Antisocial Personality Disorder

By Isabella Cerase


What Is It?

Personality disorders represent “an enduring pattern of inner experience and behavior that deviates markedly from the expectations of the individual’s culture” per the Diagnostic and Statistical Manual on Mental Disorders, Fifth Edition (DSM-5); it is a mental disorder in which is present an unhealthy pattern of thinking, functioning, and behaving. Antisocial personality disorder (ASPD), like other personality disorders, is a longstanding pattern of behavior and experience that limit functioning and causes distress.


By definition, people with antisocial personality disorder don't follow society's norms, are intimidating in relationships, and are inconsiderate of the rights of others; people with this type of personality can be impulsive, reckless, and sometimes violent and may take part in criminal activity but if they do, they are not sorry for their hurtful deeds. (Harvard Health Publishing, 2019). This disorder is far more common and more apparent in men than women, with men 3 to 5 times more likely of being diagnosed with ASPD than females, with 6% men and 2% women within the general population (Fisher & Manassa Hany, 2019).


Symptoms

According to the American Psychology Association, manifestations include repeated violations of the law, exploitation of others, deceitfulness, impulsivity, aggressiveness, reckless disregard for the safety of self and others, and irresponsibility, accompanied by lack of guilt, remorse, and empathy. ASPD seem to be products of a strong genetic disposition interacting with a variety of environmental contributions. (Derefinko & Widiger, 2008) A role model or parent with ASPD will more likely lead to antisocial behavior growing up.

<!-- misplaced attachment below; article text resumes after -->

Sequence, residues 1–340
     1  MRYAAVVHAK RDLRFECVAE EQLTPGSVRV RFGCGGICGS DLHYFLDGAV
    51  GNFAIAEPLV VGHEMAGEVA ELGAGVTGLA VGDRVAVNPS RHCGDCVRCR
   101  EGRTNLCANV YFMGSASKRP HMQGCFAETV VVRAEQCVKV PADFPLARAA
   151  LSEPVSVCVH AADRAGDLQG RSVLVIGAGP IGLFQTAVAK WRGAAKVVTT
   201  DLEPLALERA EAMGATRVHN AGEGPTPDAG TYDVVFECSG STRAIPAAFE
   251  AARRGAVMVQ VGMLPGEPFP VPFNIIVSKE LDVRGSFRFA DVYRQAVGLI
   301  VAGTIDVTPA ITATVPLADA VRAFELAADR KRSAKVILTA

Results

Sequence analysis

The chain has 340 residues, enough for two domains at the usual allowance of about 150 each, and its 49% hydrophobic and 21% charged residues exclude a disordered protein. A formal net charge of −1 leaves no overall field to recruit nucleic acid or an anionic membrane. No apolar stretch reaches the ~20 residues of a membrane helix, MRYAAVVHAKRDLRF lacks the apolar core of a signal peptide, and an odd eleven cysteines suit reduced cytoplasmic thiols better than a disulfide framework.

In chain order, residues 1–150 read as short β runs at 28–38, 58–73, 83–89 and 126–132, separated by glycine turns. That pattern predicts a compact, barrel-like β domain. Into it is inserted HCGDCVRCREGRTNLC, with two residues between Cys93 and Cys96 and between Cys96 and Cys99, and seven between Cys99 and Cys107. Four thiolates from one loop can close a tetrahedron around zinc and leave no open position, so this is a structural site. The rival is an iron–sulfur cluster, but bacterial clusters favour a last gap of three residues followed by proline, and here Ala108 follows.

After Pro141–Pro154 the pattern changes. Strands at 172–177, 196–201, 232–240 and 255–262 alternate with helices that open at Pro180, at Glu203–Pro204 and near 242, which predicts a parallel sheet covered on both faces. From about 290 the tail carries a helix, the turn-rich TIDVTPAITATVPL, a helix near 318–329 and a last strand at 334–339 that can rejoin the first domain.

Like other types of personality disorder, antisocial personality disorder is on a spectrum, which means it can range in severity from occasional bad behavior to repeatedly breaking the law and committing serious crimes. ASPD is closely related with the diagnosis of psychopathy. Criminal behavior is a key feature of antisocial personality disorder, and there is a high risk that someone with the disorder will commit crimes and be imprisoned at some point in their life. Men with antisocial personality disorder have been found to be 3 to 5 times more likely to misuse alcohol and drugs than those without the disorder and have an increased risk of dying prematurely. People with antisocial personality disorder are also more likely to have relationship problems during adulthood and be unemployed and homeless (NHS Choices, 2019).



Treatment

A diagnosis can only be made if the person is aged 18 years or older and at least 3 of the criteria needed. Antisocial personality disorder is the only personality disorder that is not diagnosable in childhood. Before the age of 18, the patient must have been previously diagnosed with conduct disorder (CD) by the age of 15 years old to justify diagnostic criteria for ASPD (DSM-5, American Psychiatric Association, 2013).


Behavior can improve overtime with therapy. Therapy may include, for example, anger and violence management, treatment for alcohol or substance misuse, and treatment for other mental health conditions. But psychotherapy is not always effective, especially if symptoms are severe; There are no medications specifically approved by the Food and Drug Administration to treat antisocial personality disorder.


Doctors may prescribe medications for conditions sometimes associated with antisocial personality disorder, such as anxiety or depression, or for symptoms of aggression. Certain drugs are usually prescribed cautiously because they have the potential for misuse (Antisocial personality disorder - Diagnosis and treatment - Mayo Clinic, 2017).


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